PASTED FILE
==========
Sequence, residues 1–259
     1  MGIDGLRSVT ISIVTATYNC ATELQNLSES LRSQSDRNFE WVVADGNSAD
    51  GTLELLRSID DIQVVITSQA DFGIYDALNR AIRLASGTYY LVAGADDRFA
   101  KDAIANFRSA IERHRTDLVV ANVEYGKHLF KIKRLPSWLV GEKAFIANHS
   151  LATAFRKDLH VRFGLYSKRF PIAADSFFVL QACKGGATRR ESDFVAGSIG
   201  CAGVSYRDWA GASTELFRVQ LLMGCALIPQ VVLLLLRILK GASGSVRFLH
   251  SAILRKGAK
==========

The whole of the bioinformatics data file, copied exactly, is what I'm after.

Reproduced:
Sequence, residues 1–259
     1  MGIDGLRSVT ISIVTATYNC ATELQNLSES LRSQSDRNFE WVVADGNSAD
    51  GTLELLRSID DIQVVITSQA DFGIYDALNR AIRLASGTYY LVAGADDRFA
   101  KDAIANFRSA IERHRTDLVV ANVEYGKHLF KIKRLPSWLV GEKAFIANHS
   151  LATAFRKDLH VRFGLYSKRF PIAADSFFVL QACKGGATRR ESDFVAGSIG
   201  CAGVSYRDWA GASTELFRVQ LLMGCALIPQ VVLLLLRILK GASGSVRFLH
   251  SAILRKGAK